Botanical Style painting is what I return to over and over when I’m in need of soothing and stress relief. Even painting broccoli can be soothing.
Me? I started with broccoli. Yep! That’s the first Botanical Style watercolor I did in the first week of Botanical painting at The Corcoran College of Art of George Washington University. I was really getting into those little florets, painting every little circle when the teacher stopped by my desk and asked if I wasn’t getting tired of the repetition. I wasn’t until she burst my little bubble. It was very soothing progressing slowly through each meticulous green sprig on each bigger sprig. I made a discovery that day with my friend, the stalk of broccoli. This botanical style painting thing was very soothing. I couldn’t wait to get to the next painting. At the time I was in need of some serious soothing and this type of painting was doing it for me. I did progress beyond the broccoli fairly quickly and moved on to tulip bulbs, then tulips and beyond. I shoved the broccoli painting into a file in the filing cabinet and forgot about it until this week.
I the found the broccoli painting while cleaning out old files. The memories came flooding back. That particular class was held at The Corcoran’s Georgetown campus in a beautiful old restored school house building similar to the elementary school I went to in Dyersburg, TN. The building had big old pane glass windows that went to the top of the high ceilinged classroom flooding the room with light. The downtown Washington campus was in the basement of the museum with only fluorescent lighting and a few stingy windows at sidewalk level so we could see feet going by outside. I loved the Georgetown campus even though it meant longer travel time and a bus ride on top of the usual train ride to get to campus. The botanical painting class got me started in what has become a teaching passion. I love to see other people discover how soothing this style of painting is. My final painting in that class was of a tulip through the stages of growth from bulb to flower. That painting hangs over my fireplace to this day.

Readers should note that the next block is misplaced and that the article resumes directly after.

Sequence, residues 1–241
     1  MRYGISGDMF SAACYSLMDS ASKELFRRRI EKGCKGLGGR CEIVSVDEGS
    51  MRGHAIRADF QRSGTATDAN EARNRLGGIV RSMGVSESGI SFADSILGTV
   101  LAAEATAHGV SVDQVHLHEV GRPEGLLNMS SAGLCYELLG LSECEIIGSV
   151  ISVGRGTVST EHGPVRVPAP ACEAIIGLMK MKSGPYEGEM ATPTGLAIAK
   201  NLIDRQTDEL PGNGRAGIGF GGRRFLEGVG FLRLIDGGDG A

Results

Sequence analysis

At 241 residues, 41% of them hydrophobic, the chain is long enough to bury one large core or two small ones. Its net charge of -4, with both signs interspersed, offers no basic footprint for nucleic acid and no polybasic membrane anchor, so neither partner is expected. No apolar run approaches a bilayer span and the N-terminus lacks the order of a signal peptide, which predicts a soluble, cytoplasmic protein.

Most of my oil paintings are completely different from the botanical style paintings. I love those too. The oil paintings provoke more emotion and energetic feelings. The botanical style paintings are calming and comforting, invoking memories of quiet garden walks and the smell of flowers. That was the last broccoli I painted. Even though it was soothing, it did not remind me of the smell of flowers! But those little florets gave me time to stop, take a breath and do something slow and methodical. Botanical Style painting is something I return to over and over when I’m in need of stress relief. It is the perfect antidote to the crazy world out there. Now I’m more likely to paint an iris than broccoli. But Hey! Gotta start somewhere! And we can all use a little stress relief.